I’m going to make you wish you were dead.
Just a text. Seventeen-year-old Rebecca Hales tries not to worry. Probably a wrong number. Not really meant for her, and definitely not related to the crime she witnessed six years ago. Right?
Then two states away, a bomb goes off in her best friend’s locker. Soon Ryan is labeled a terrorist and runs to the safest place he knows—Rebecca’s house in small-town Wyoming. It doesn’t take long for the FBI to show up asking questions. Rebecca lies, of course, and says she hasn’t seen him.
Now she’s neck-deep in it with him, whatever “it” is. The only way out is to return to Vegas, where Ryan is a wanted man. The city of lies and illusion tests Rebecca’s wits as she struggles to find the person who framed Ryan and why.
Is Rebecca’s text linked to the bombing? And what does it have to do with a six year old murder? Rebecca needs to find out before she loses Ryan—and her own life.
A few months ago, this book was recommended to me by a friend, and when I first downloaded it and read the synopsis, I was excited to get stated reading. But as life goes, my plate was overwhelmed, and it was pushed off to the side. Picking it up, I was surprised that this story was set in high school, even though I knew it was. Blame it on my memory loss, but it threw me for a loop.
This story opened up in a pretty dramatic way for a Young Adult novel. A young woman out for revenge, but no back story, and no mention of this girl again for at least half of the book. As soon as chapter one starts, we’re immersed in a different story, in someone else’s life. Immediately we are drawn into a world of mystery and suspense, with a slight romantic twist that builds as the story progresses. We are given a lot of info and back stories right up front, and while this is good and let’s us know what’s going on, it felt rushed and inorganic.
It seems like as soon as you crack the cover, you’re already halfway through the main part of the story and are with Ryan Beck in Vegas. I think I wanted more leading up to their escape, and for Beck to knot just drop her entire life for her “best friend.” But their plan was thought out, I’ll give it that.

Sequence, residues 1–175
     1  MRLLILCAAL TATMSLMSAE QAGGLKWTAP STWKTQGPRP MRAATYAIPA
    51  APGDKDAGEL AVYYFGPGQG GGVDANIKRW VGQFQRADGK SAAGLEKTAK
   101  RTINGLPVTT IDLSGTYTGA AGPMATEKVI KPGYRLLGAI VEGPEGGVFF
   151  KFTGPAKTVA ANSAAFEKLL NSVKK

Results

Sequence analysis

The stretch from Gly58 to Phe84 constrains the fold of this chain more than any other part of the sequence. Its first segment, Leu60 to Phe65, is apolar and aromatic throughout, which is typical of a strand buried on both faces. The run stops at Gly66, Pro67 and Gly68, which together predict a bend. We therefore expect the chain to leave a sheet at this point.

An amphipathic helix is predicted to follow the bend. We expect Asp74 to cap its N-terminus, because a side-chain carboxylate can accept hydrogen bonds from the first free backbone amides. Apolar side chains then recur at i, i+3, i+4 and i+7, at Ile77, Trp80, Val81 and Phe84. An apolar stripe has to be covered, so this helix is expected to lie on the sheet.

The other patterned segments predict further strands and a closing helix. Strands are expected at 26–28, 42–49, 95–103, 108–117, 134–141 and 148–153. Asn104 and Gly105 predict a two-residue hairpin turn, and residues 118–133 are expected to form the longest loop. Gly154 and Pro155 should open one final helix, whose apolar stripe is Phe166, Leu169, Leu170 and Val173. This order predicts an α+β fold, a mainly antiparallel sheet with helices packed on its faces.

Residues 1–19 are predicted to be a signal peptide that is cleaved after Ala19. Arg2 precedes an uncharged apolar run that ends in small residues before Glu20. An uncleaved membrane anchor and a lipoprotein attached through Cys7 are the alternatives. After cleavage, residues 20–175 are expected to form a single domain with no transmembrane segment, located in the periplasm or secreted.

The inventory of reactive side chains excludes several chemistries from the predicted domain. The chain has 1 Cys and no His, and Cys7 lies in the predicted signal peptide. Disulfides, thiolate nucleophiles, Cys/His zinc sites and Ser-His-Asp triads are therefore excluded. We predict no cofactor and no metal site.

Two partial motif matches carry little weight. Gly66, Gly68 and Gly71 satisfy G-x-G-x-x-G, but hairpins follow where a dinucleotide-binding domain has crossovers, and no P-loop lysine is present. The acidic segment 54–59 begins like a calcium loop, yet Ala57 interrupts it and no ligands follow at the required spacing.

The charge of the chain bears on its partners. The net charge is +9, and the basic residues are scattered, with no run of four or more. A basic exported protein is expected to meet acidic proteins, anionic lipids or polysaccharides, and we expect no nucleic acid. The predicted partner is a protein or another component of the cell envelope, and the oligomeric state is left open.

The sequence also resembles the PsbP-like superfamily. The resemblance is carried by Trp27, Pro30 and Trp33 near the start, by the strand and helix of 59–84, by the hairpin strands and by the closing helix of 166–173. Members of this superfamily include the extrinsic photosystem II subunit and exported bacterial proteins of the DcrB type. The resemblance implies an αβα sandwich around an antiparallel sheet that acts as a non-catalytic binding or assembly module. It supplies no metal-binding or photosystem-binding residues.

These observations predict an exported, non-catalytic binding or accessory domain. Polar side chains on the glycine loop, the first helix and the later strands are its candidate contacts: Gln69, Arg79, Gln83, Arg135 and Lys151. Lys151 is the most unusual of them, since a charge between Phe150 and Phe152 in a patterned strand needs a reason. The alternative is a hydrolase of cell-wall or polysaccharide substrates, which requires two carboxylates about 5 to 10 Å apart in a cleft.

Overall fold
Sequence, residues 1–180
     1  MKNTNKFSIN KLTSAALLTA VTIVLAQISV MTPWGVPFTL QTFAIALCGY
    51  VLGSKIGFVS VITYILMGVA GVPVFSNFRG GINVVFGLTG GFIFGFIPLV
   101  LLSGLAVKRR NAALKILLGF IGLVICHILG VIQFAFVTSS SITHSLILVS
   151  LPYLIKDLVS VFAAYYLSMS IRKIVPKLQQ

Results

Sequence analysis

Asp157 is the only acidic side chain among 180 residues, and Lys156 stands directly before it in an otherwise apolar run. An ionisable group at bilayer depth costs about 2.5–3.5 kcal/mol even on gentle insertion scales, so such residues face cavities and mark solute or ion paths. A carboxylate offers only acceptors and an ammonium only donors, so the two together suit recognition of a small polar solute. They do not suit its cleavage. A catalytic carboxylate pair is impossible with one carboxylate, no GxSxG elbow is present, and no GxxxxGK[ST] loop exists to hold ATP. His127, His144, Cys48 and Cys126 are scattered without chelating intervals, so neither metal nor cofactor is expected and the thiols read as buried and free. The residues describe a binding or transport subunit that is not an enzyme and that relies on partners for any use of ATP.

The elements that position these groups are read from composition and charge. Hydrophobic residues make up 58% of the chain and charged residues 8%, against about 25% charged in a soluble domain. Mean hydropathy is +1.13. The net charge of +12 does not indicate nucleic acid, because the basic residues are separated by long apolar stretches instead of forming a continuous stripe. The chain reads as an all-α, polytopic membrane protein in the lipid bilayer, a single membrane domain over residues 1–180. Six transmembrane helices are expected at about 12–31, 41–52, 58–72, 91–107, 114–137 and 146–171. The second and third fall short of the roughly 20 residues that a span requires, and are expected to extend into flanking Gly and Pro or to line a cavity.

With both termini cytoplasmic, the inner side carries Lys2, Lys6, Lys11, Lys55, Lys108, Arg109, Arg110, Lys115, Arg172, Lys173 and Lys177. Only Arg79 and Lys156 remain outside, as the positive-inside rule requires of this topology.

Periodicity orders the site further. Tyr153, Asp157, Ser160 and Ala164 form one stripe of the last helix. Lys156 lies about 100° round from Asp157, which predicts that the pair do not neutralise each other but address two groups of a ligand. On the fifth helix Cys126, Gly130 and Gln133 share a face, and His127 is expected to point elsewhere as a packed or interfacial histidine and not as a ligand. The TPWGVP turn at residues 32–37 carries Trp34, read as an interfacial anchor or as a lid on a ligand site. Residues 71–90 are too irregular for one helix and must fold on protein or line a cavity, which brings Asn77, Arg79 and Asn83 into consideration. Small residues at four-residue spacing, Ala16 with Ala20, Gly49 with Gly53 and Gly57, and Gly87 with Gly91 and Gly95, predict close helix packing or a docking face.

We are soon introduced to people from Ryan’s life, and shown just who is on his side. Jordan seems like the kind of guy who wants something in exchange from helping out Beck and Ryan, but we never fin out what it is. “Getting over Lauren” couldn’t have been the only thing, especially considering he could go to jail after everything he did to help.
Enter Kayla. We have no idea who she is or what she wants, but somehow she’s behind everything that’s transpired, and it seems as if she has no motive. We come to learn later that this isn’t the case, but through means that kids fresh out of high school or still in high school should know. It’s right around here that the pacing of the novel becomes hard to follow. Things just move too quickly, and whether or not it’s to get everything in, it’s too fast. If it’s that important, stretching scenes out to more paragraphs or pages isn’t a bad thing. There’s no real limit or rule to how long or short a story has to be.
As soon as the reader gets through the pace issues–BAM–it’s the end of the story and almost everything is figured out. There were definitely things that bothered me about this. One of those things is the way Beck’s parents view her time away. They immediate think poorly of her, that she spent the entire time having sex with Ryan and that she’s pregnant, and little concern is actually paid to her well-being.
Beck, Ryan, and Jordan are cleared of all charges, but now all that’s left to wrap up is where the two villains ran off to. In the meantime, Ryan proposes, which is ridiculous in and of itself. They’re still in high school, have barely been dating, and years of friendship–even if there were feelings on both sides–isn’t enough of a reason to get married.
While everything gets wrapped neatly in a bow by the end, you’re still left wanting somewhat. It was hard for me to put my finger on it, but I found that I wanted some more mystery to the ending. Literally everything is wrapped up, and sometimes you want to imagine what happens after the pages end, not have every little thing laid out for you.
[Disclaimer: I received a free digital download from the author in exchange for an honest review]
Rating: 3.5/5 Stars